• Nonbiological Application. Peptide-polymer materials are also capable of impacting nonbiological applications, ranging from gas separation to optoelectronics and catalysis. For instance, peptide-polymer conjugates can generate porous thin films containing subnanometer channels oriented normally to the surface.

Our Services for Peptide-polymer Conjugates

Side-chain Peptide-polymers Preparation

Side-chain functional polymers may be prepared by various (controlled) radical polymerization methodologies. Within this approach, monomers bearing side-groups susceptible to chemoselective reactions are polymerized either in their protected or unprotected form and subsequently reacted with an appropriately functional peptide. BOC Sciences can provide comprehensive custom synthesis services for side-chain functional polymers involving monomers bearing side-group active esters, protected or free ketones and aldehydes, protected maleimides, protected alkynes, azides, and p-aryl halides.

End-group Peptide-polymers Preparation

BOC Sciences can prepare end-group peptide-polymers using various controlled or living polymerization techniques and appropriate functional initiators. These initiators are designed to be inert with respect to the polymerization reaction in their native or protected form, which may be activated following polymerization. Alternatively, the polymerization process may be terminated by a functional terminator, thereby conferring functionality to the end of the polymer.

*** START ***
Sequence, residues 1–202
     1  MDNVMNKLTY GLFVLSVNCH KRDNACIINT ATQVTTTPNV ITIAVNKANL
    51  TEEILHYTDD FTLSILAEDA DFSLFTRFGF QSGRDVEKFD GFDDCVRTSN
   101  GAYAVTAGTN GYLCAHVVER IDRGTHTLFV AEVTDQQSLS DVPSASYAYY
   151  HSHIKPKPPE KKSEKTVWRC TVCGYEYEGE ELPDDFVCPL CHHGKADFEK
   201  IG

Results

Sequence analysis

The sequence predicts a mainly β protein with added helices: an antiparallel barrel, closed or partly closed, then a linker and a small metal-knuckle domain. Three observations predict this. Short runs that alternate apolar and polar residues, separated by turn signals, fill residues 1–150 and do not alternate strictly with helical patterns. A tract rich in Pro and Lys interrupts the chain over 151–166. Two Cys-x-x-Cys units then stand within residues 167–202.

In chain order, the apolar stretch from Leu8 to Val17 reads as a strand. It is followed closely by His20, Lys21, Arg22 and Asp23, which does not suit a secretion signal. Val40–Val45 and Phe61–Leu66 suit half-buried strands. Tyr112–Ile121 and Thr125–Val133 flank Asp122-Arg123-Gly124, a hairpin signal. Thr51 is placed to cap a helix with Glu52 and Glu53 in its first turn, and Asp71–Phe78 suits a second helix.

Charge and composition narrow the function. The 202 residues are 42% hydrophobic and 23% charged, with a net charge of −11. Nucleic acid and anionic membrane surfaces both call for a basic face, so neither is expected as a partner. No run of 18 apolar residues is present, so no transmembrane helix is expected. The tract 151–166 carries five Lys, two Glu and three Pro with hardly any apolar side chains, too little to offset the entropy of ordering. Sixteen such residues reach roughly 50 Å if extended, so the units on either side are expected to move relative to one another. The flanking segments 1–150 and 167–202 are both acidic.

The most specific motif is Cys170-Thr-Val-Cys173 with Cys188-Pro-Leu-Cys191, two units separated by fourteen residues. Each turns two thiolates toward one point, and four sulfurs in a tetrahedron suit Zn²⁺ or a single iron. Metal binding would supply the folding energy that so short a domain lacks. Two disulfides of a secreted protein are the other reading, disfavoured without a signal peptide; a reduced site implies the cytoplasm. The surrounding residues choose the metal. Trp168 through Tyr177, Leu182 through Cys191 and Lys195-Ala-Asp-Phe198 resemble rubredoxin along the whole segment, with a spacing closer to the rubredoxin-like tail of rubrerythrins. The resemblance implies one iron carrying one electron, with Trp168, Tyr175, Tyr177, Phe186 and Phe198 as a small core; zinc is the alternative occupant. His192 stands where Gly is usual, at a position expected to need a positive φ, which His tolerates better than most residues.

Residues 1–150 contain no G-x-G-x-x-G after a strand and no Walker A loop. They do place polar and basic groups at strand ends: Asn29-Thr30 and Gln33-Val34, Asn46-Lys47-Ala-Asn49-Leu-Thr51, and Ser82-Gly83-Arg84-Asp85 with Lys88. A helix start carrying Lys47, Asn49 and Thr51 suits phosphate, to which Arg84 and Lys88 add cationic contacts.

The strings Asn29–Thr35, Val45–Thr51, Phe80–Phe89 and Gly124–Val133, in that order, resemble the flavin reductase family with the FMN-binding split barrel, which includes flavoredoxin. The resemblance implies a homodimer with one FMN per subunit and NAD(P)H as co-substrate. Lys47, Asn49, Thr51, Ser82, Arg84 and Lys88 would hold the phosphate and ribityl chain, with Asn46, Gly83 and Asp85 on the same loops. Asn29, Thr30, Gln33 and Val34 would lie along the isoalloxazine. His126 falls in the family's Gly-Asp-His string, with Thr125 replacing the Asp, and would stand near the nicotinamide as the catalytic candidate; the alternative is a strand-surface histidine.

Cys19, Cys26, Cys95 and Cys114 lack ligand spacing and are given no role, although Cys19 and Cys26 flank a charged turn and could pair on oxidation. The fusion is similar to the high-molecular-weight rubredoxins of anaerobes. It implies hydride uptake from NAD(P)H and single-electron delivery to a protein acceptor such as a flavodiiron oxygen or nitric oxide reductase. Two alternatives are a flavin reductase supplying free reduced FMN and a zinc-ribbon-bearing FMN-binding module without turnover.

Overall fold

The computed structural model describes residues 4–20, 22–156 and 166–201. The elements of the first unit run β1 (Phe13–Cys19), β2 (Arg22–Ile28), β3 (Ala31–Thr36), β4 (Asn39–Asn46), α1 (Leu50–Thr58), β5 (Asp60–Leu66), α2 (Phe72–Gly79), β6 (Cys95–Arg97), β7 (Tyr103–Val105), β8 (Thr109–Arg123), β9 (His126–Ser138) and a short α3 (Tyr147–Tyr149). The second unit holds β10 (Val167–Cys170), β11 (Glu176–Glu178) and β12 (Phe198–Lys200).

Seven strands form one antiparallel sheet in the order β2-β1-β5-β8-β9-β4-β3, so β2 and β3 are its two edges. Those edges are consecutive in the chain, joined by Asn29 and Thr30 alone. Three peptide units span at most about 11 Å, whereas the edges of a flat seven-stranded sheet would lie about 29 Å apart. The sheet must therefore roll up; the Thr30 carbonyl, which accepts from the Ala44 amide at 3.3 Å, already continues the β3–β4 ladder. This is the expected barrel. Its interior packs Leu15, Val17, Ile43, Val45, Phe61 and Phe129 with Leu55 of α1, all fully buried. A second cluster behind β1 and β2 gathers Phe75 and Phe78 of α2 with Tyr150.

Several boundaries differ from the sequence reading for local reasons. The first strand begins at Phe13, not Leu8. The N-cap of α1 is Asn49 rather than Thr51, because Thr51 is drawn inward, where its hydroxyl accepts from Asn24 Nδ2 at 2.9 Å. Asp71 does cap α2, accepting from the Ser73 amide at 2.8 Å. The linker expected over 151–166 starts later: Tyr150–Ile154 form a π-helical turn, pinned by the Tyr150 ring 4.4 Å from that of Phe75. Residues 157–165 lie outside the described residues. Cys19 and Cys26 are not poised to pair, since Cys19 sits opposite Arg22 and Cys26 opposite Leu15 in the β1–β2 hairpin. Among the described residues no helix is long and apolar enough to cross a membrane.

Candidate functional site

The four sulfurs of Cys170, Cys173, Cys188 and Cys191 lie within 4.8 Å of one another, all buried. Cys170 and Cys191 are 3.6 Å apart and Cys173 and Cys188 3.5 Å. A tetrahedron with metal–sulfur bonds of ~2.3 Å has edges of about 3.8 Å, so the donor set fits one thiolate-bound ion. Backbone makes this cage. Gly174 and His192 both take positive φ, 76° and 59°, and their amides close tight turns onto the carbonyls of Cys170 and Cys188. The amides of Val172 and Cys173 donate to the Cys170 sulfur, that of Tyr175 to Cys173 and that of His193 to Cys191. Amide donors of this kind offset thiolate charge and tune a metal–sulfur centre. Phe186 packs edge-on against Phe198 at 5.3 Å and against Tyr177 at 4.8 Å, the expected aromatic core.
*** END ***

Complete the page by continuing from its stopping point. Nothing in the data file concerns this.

Assemblies of Peptide-polymer Conjugates

Polypeptides have been frequently used as building blocks to prepare amphiphilic block copolymers. In the past two decades, the self-assembly of polypeptide-based block copolymers into micelles and vesicles has been intensively explored, particularly for catalysis and drug delivery applications. BOC Sciences provides advanced synthetic strategies for the self-assembly of polypeptide-copolymers by utilizing polypeptide molecules, affording unique polypeptide-copolymer structures. Our strategy for self-assembly of peptide-polymer conjugates mainly involves peptide-based coordination of metal ions and spontaneous self-assembly in noncoordinating buffers.

Surface-deposited Peptide-polymer Conjugates

Surface-deposited peptide-polymer conjugates can self-assemble into well-defined nanostructures, forming novel polymers and biomolecules of unique features and bioactivities. BOC Sciences can construct functional surfaces with attractive biological activities, such as antibacterial and cell adhesion properties, by either direct deposition of polymer bioconjugates or stepwise immobilization of polymers and biomolecules on surfaces.

Our Polymer Bioconjugation Workflow

Workflow of Living Cationic Polymerization

References

  1. Weil, T. et al. Polymer bioconjugates: Modern design concepts toward precision hybrid materials. Progress in Polymer Science. 2020, 105: 101241.
  2. Lutz, J.F. et al. Modern trends in polymer bioconjugates design. Prog. Polym. Sci. 2008, 33: 1-39.
  3. Hest, J.C.M. et al. Polypeptide-polymer bioconjugates. Chem. Soc. Rev. 2010, 39: 329-353.
  4. Klok, H.A. et al. Peptide/protein–polymer conjugates: synthetic strategies and design concepts. Chem. Commun. 2008, 2591-2611.
  5. Shu, J.Y. et al. Peptide-Polymer Conjugates: From Fundamental Science to Application. Annu. Rev. Phys. Chem. 2013, 64: 631-57.